What Is the Deep Web? - All You Need To Know
Curiosity is the defining trait of Homo sapiens. It took Armstrong and Aldrin to the moon, and we suspect it’s also what brought you, dear reader, to this page. Mysterious and hidden things never cease to intrigue us, and the deep web, that larger portion of the Internet lying below its searchable surface, has been puzzling many since its conception.
What Is The Deep Web Made Of?
While many people associate the deep web with something illegal, it is, simply put, a vast sea of information that isn’t accessible to everyone through ordinary search.
And we aren’t talking about the third or fourth page of Google that no one ever bothers to check unless they are somewhat desperate - we are talking about millions of unindexed web pages, private databases, fee-for-service (FFS) sites, and the infamous dark web.
So, just to make this clear, the deep web isn’t by definition illegal, although some parts of it - the previously mentioned dark web - are often used by cybercriminals and other lawbreakers for various illegal activities. Even the dark web isn’t exclusively frequented by wrongdoers.
The key point here is that both the deep and dark web offer privacy in an age when a good background checker can come up with extremely detailed information about any one of us, and governments and private corporations collect citizens’ personal data on a mass scale.
That privacy can be used to defend freedom of speech and for other noble causes, but unfortunately, it’s more commonly used to carry out criminal acts.
Surface Web vs. Deep Web
Also known as the invisible web or hidden web, the deep web exists in the background of what you could call the surface web - the content you’re able to see when you surf the net using a regular search engine. Making the distinction is relatively straightforward: A page belongs to the surface web if it appears in search results.
You can always follow this simple rule of thumb: If you have to log in to a website to access its content, the information is likely stored on the deep web.
What Percentage of the Internet Is the Deep Web?
Many experts estimate that the amount of content available on the deep web is significantly bigger than what is available on the surface. In fact, a rough estimate would be that the surface web accounts for only 5% of the Internet - the rest is the deep web.
Back in the 2000s, a study found that the deep web contained 550 billion individual documents. At the time, there were one billion of them on the surface web. It’s safe to say that both these numbers grew exponentially in these 20 years of technological development.
What’s on the Deep Web?
We’ve already mentioned that the deep web comprises four main types of content: pages that were never indexed by search engines, fee-for-service sites, private databases, and the dark web. In this section, we’ll discuss each separately.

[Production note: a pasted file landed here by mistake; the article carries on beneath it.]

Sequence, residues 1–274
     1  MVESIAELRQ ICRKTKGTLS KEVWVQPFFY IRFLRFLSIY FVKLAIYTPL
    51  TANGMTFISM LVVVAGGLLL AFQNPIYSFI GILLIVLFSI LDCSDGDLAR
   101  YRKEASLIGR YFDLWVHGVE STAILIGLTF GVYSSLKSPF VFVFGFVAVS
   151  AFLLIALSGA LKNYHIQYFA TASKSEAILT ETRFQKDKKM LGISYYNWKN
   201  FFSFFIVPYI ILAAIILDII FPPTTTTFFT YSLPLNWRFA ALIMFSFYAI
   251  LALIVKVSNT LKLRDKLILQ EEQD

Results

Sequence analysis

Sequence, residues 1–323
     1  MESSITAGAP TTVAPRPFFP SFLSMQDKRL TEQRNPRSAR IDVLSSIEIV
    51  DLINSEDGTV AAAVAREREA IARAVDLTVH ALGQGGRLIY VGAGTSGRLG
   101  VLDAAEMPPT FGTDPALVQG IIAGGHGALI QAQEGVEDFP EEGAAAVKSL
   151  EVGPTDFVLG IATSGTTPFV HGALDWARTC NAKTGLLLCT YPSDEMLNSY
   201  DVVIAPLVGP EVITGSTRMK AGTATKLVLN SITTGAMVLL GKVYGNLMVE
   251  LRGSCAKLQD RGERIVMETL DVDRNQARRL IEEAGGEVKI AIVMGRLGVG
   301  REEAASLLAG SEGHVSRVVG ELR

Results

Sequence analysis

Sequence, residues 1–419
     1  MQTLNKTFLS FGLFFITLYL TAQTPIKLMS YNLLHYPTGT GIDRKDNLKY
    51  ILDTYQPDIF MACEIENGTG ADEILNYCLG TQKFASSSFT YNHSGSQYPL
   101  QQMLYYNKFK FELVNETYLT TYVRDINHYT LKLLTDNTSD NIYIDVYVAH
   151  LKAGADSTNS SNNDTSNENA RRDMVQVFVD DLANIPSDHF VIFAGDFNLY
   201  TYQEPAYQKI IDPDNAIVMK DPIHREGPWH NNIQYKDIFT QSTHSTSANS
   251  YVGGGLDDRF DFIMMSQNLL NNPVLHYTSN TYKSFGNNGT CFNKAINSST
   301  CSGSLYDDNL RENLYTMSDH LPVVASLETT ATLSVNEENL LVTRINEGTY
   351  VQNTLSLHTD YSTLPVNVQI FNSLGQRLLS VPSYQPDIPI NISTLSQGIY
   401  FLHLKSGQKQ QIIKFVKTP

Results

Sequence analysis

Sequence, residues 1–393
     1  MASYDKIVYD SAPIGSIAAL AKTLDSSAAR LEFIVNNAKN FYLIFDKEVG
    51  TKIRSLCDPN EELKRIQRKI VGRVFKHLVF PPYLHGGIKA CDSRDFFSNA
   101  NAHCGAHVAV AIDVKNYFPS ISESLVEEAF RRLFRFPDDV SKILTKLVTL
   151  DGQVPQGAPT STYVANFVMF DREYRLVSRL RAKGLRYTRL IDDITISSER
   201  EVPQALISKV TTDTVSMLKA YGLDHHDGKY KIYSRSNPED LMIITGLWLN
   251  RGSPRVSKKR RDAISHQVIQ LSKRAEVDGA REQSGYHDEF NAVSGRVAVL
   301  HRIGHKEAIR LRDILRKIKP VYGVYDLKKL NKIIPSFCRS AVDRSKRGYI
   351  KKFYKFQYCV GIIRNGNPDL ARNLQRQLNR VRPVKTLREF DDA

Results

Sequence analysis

1. Unindexed Pages
Google’s robots, also called crawlers, find new sites by following links from already indexed pages. That’s the reason Google struggles to index sites that don’t feature any links and fails to include numerous sites going undercover. Many websites never “surface” and remain on the deep web because they don’t have any links.
Most webmasters try to get as many links as possible to rank their sites higher on Google, and this is one of the main principles of search engine optimization. Others, however, work hard not to have any links and continue to fly under the radar.
2. Fee-for-Service Sites
The second type of content stored on the deep web belongs to fee-for-service sites. Their content is locked away and becomes available only to paying customers. Think of Netflix, for example - while you can access the streaming platform without “hacking the system” and learning how to access the deep web, the content you’ll be able to see is limited until you sign up and pay for Netflix’s services. These big companies rely heavily on the depth of the deep web to make this business model worth their while.
3. Private Databases
Another thing hidden from the public eye on the deep web is private databases. And while we may argue that the movies available on Netflix should be available to all, we’re confident we wouldn’t appreciate our banking information, our email inbox, or private pictures on Dropbox to become accessible to just anyone.
It’s one of the more noble answers to the question of “What is the purpose of the deep web?” and a significant benefit of the deep web’s existence. It hides your private social media content, personal emails, banking account, medical records, and other types of information you wouldn’t want publicly available.
4. The Dark Web
And finally, there is the dark web, also known as the dark net, or dark Internet. Although the deep web and the dark web are terms often used interchangeably, there is a distinct difference between them. The level of safety is not the same, and the ways one can access these two webs also differ.
The dark web websites account for just a minor portion of the deep web. The dark web, too, revolves around privacy. Still, while some use it to share information that should be out there, others abuse the privilege of complete anonymity it provides to do exactly the opposite - sell stolen information.
That’s why having reliable identity theft protection is indispensable these days unless you want your login credentials, bank and Social Security numbers, and even hacked Netflix accounts sold to the highest bidder on the dark web.